The anatomy of new product failures


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After all the market assessments, business plans, alpha tests and beta tests, at least half of all new products still fail to achieve commercial success. Why do so many new products fail?

Sometimes the product design was fundamentally flawed. In others, the product concept was backed by poor market research. At times flaws in the product itself leads to failure. And in still others, it was just the timing was off. Yet, even when all these problems are addressed, and increasingly they are, failure remains the final result. One reason for the lack of success of new products is the failure to get the sales team to buy into the new product and teach them how to sell it.

Let’s explore the tale behind that story.

Sales people who have multiple products “in their bag” often tend to focus on some of products over others. There are many good reasons why this happens. Some products truly are a competitive advantage based on functionality, quality, customer support, or even price. As a result, sales people have a built in competitive advantage and success breeds success.

But listen to sales reps and you’ll hear some other reasons which begin to why some sales people shy away from selling new products: “I’m not going to be the first one to sell that new product. I don’t want to tarnish my relationships with customers. Let someone else be the guinea pig.” or “I know they say we should talk about the new software solution launching next month to seed it, but I’m afraid it’s just ‘vaporware’ and I’ll get burned.” or ” The new Model 40 is not only new, it’s different, I’m not sure how to sell it.”

Given the two extremes, where you know how to sell Product X and have had success and the “great” new Product Y for which you have no track record, what do you think sales people tend to do? And, if they haven’t been taught how to sell it, can you blame them? Can the sales compensation plan “encourage” sales people to sell more of the new product – maybe? But there’s one strong, underlying factor that “encourages” a sales person to sell a new product – they have had the training to help learn how to do it.

To learn to sell a new product most effectively it is better to use a learn than launch versus a launch than learn model.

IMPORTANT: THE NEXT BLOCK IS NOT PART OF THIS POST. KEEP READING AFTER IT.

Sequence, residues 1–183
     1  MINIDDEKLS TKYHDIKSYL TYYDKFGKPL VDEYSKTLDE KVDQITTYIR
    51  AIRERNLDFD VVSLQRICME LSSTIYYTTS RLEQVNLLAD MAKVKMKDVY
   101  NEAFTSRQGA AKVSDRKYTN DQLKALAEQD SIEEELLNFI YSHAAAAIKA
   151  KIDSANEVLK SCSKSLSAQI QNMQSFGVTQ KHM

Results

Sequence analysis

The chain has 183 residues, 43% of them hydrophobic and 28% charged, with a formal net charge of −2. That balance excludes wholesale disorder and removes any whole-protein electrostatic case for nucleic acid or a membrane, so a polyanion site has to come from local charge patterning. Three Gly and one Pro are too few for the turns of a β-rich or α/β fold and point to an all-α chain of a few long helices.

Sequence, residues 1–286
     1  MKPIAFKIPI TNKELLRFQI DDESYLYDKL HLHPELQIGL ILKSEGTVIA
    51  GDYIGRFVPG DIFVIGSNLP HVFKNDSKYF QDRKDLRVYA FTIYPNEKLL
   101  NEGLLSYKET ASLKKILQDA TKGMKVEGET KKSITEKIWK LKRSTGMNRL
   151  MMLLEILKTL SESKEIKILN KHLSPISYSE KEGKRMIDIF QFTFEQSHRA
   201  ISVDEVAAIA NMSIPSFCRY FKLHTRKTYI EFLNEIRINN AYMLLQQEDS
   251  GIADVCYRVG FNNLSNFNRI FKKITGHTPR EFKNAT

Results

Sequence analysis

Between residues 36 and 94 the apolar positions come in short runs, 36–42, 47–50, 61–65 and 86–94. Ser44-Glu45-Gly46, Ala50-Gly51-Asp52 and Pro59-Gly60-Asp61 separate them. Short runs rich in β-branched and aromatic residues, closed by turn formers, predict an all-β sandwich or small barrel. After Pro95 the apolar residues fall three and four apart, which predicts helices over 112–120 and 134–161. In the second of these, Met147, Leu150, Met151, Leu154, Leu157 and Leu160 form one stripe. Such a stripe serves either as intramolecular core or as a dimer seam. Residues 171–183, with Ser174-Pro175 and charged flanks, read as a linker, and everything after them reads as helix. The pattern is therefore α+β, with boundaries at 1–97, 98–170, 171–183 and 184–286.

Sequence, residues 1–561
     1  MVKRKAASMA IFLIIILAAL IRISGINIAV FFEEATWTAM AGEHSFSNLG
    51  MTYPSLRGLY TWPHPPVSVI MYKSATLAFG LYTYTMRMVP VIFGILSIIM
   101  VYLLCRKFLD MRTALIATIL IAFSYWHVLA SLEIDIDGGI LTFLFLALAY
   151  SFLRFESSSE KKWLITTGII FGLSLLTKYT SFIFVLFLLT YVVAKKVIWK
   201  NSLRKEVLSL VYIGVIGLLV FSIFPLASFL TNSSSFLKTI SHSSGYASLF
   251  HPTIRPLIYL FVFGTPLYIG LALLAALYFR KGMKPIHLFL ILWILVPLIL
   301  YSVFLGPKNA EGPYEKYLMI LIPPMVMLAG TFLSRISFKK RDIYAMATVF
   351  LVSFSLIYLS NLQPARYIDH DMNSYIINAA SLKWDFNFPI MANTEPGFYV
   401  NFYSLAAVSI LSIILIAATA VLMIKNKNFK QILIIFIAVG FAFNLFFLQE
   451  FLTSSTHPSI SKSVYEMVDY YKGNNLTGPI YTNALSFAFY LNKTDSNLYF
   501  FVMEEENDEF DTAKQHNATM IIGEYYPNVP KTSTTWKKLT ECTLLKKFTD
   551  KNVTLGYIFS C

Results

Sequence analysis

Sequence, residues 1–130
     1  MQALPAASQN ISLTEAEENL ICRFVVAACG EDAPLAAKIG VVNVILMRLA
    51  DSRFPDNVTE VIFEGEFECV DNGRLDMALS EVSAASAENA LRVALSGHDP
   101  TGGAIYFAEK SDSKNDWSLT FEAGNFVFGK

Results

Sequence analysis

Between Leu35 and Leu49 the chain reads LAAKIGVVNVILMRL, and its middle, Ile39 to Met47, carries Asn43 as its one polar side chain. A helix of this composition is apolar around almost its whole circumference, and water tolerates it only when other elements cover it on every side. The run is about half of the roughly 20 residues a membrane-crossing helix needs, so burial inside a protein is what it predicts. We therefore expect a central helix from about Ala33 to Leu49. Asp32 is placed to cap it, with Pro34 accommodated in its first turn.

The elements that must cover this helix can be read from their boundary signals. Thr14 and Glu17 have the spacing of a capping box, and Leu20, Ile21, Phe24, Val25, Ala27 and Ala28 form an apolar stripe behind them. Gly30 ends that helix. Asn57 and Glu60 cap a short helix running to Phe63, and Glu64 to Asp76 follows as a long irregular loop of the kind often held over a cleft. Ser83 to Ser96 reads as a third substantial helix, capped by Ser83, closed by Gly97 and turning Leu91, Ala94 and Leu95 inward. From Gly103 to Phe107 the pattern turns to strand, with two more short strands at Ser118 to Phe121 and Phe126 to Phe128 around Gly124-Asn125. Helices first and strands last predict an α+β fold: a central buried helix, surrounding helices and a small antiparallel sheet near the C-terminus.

The sales force should possess the required sales skills and knowledge the day the new product hits the street. This means a training investment should be made and training implemented before the product is launched. The more the new product is “different” than the existing product portfolio, the more important it is to complete the training before the launch.

Second, learning to sell a new product is a process not an event. A key part of that process is the early capture and analysis of what is working, and what isn’t. In some launches initial wins are achieved, but long-term revenue targets are never reached because of a false sense of success from the early wins. In these cases, the difficulty of moving beyond the early adopter is underestimated. In other cases, early successes never develop, a cloud of despair sets in, and the sales force goes back to selling what they are good at.

Given the number of new products most companies will introduce in the next five years, this is code worth cracking.

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©2012 Sales Horizons, LLC

Republished with author's permission from original post.

Janet Spirer
For more than 30 years Janet Spirer has worked with the Fortune 1000 to craft sales training programs that make a difference. Working with market leaders Janet has learned that today's great sales force significantly differs from yesterday. So, Sales Momentum offers firms effective sales training programs affordably priced. Janet is the co-author of Parlez-Vous Business, to help sales people have smart business conversations with customers and the Sales Training Connection.


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